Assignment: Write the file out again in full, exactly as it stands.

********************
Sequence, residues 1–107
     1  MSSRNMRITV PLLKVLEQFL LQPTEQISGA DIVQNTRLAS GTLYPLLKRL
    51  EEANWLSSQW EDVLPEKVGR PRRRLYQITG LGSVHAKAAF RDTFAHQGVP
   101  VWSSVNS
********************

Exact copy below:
Sequence, residues 1–107
     1  MSSRNMRITV PLLKVLEQFL LQPTEQISGA DIVQNTRLAS GTLYPLLKRL
    51  EEANWLSSQW EDVLPEKVGR PRRRLYQITG LGSVHAKAAF RDTFAHQGVP
   101  VWSSVNS